This is a departure from the usual content of this blog, but I feel the subject warrants it. Earlier this week news broke of a potential crisis in the gastroenterology service at Our Lady’s Children’s Hospital Crumlin. Specialists there want to highlight the fact that the waiting list for some gastro investigations and tests, for diseases like Crohn’s and Colitis as well as Coeliac, is as long as 18 months. Meaning, every day, children all over the country wait in vain for a simple test which could lead to diagnosis and treatment. I am not a parent, but I do have Crohn’s Disease. And I remember well the horror of being on a waiting list, in pain and afraid.
ONE of the things they don’t tell you about having Crohn’s Disease is that sometimes, particularly at the start, few people will believe you when you say you feel dreadful. Again. Because for the most part Crohn’s is invisible and you’ll look fine.
They also don’t tell you that people will whisper behind your back at your sudden and dramatic weightloss as the disease progresses, hushed conversations about crash diets and speed.
Or that doctors will sigh wearily, when you explain that you vomit after every meal, and ask if you’re actually making yourself sick, suggesting you have bulimia.
And they certainly don’t tell you that at times, when the illness really takes hold, you may soil yourself. In public.
Crohn’s Disease is a chronic, incurable inflammatory disease of the gastrointestinal tract, so can occur anywhere between the mouth and the anus, though generally manifests in the small bowel or colon.
Symptoms include vomiting, constant diarrhea, anal bleeding, fever, pain, weightloss, fistulas, liver inflammation, mouth ulcers, bleeding gums and a whole host of other problems.
The disease can range from mild to severe and often goes into remission for long periods of time. People with Crohn’s can live full, healthy and active lives and with medication or surgery their disease can be managed very successfully.
But, at times, it is no picnic.
A story I tell about waking up from a colonoscopy to find a male nurse heartily wiping lubricant from my behind and telling me he recognised my…face…from my home town regularly draws gales of laughter from friends and family.
The story about the time I crawled on my hands and knees to the toilet in my office, because I was bent double with pain, and vomited blood before passing out briefly, however, isn’t so funny.
I was diagnosed in May 2002 following nine long months of sickness, pain, tests, more tests, waiting lists and yet more tests. During those nine months, because doctors were unsure what was wrong with me, I received no treatment and simply had to suffer through.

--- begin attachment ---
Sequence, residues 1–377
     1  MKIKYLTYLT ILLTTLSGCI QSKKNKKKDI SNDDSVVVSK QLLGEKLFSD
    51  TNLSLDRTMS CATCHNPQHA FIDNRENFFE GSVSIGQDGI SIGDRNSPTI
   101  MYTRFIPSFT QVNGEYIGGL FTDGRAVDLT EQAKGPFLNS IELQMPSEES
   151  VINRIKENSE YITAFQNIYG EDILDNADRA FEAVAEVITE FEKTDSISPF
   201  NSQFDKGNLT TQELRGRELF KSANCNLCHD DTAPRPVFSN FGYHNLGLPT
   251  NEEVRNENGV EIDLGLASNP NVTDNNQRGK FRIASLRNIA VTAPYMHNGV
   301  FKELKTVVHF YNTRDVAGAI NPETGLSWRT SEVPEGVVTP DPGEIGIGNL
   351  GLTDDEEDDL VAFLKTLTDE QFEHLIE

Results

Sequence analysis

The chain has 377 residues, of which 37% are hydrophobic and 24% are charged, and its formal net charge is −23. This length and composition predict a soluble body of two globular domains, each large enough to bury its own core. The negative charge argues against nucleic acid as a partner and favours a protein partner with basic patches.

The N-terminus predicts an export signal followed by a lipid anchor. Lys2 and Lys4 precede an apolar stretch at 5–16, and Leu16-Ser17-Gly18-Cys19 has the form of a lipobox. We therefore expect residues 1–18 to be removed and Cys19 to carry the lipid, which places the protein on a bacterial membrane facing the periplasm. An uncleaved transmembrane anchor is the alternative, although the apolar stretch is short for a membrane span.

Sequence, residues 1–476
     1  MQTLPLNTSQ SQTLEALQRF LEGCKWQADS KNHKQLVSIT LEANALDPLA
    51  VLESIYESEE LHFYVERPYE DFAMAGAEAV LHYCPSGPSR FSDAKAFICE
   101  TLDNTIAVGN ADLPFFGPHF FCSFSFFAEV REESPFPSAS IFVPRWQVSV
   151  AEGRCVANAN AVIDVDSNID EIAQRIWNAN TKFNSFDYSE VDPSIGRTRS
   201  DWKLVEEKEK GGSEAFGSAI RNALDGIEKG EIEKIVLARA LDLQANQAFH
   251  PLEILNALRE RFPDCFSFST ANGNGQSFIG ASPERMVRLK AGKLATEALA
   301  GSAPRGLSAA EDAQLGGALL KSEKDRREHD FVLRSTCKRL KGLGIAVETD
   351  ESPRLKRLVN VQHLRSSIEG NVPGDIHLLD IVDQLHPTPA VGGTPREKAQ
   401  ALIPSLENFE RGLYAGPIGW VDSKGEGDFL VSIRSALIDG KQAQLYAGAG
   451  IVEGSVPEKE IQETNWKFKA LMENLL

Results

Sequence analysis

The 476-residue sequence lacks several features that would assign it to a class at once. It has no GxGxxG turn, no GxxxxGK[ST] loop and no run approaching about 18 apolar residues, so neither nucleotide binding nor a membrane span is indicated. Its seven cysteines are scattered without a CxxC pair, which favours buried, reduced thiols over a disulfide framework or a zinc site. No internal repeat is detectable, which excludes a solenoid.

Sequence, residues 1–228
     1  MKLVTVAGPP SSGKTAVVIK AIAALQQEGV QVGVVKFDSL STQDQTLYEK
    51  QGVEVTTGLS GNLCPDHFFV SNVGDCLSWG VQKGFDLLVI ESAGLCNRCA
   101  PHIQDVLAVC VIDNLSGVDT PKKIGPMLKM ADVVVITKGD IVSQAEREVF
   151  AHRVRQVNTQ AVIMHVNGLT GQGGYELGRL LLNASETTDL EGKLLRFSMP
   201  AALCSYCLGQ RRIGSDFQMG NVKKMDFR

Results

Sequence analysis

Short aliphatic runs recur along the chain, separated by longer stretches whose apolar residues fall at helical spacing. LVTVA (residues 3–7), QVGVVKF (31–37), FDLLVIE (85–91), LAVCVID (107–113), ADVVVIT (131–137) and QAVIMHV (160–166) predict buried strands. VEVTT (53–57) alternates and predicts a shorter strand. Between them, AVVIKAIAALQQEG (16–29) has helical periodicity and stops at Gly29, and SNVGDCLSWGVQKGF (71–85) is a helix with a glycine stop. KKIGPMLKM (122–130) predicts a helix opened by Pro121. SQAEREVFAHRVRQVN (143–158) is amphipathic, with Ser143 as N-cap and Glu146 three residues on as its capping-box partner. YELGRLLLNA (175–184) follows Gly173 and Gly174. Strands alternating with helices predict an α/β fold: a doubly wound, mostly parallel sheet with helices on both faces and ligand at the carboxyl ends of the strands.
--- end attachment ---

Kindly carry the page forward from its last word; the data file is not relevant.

I had started to feel unwell the previous September, throwing up every time I ate, no appetite, running to the loo every five minutes, classic symptoms which terrified me, as I knew exactly what they pointed to.
My eldest sister had been diagnosed with Crohn’s 12 years earlier and had gone through the exact same thing, so when it started happening to me, I knew. I knew I had Crohn’s, I just had to wait for the doctors to find it.
At 22 though, thankfully, I was adult enough to be able to wait. I could understand what was happening to my body and managed to cling on by my fingernails, knowing that eventually help would come.
A child isn’t so lucky. A tiny child has no idea what is happening to it, what the pain is, why suddenly every trip to the loo is a living nightmare. Or why they have to wait months and months and months to be tested and start treatment
What is happening at Crumlin Children’s Hospital is nothing short of scandalous. So long are the waiting lists for gastrointestinal tests and investigations for conditions like Crohn’s, Colitis and Coeliac Disease that tiny children are being put through hell on a daily basis.
I can’t imagine a child going through what I went through.
Not just the pain and the vomiting and the diarrhea, not just the embarrassment and the fear and the need to be within 20 paces of a bathroom at all times – but the sheer mind-numbing, crushing, constantness of it.
When Crohn’s has you in its grip, particularly before diagnosis and during those first few bewildering months after, there is no let up.
It is never-ending, the pain simply doesn’t go away and I know personally, during that very dark time, I often prayed for it, all of it, to end.
It is indefensible that any child should have to go through that. Is this what our country has come to? That tiny children, sick children, are left to languish for 18 months before getting access to a simple 20 minute test? A test that could get to the root of their problem and give them their life back?
For a country that only last week showed off the brightest and best that Ireland has to offer, on a world stage, this serious shortfall and backlog in our health system is shameful.
It must be addressed as soon as possible. It may make no difference but I will be writing to my TDs and political representatives and perhaps, if you feel as angry as I do, you might too.
A final note – I do not wish to scaremonger. Nor would I wish someone recently diagnosed with Crohn’s to come upon this post and be scared silly by what I have written. Once I was diagnosed and found a medication to suit me I started to get better. Much better. I have received, and continue to receive, excellent care in the public health system, despite the waiting lists, and currently I am well and happy. I have a normal, full, wonderful life. Crohn’s is very treatable, it is not a life sentence and medication and treatment continues to come on in leaps and bounds. What I wanted to do with this post was to give a glimpse of the harsh reality of being ill and being on a waiting list. As I said, it is no picnic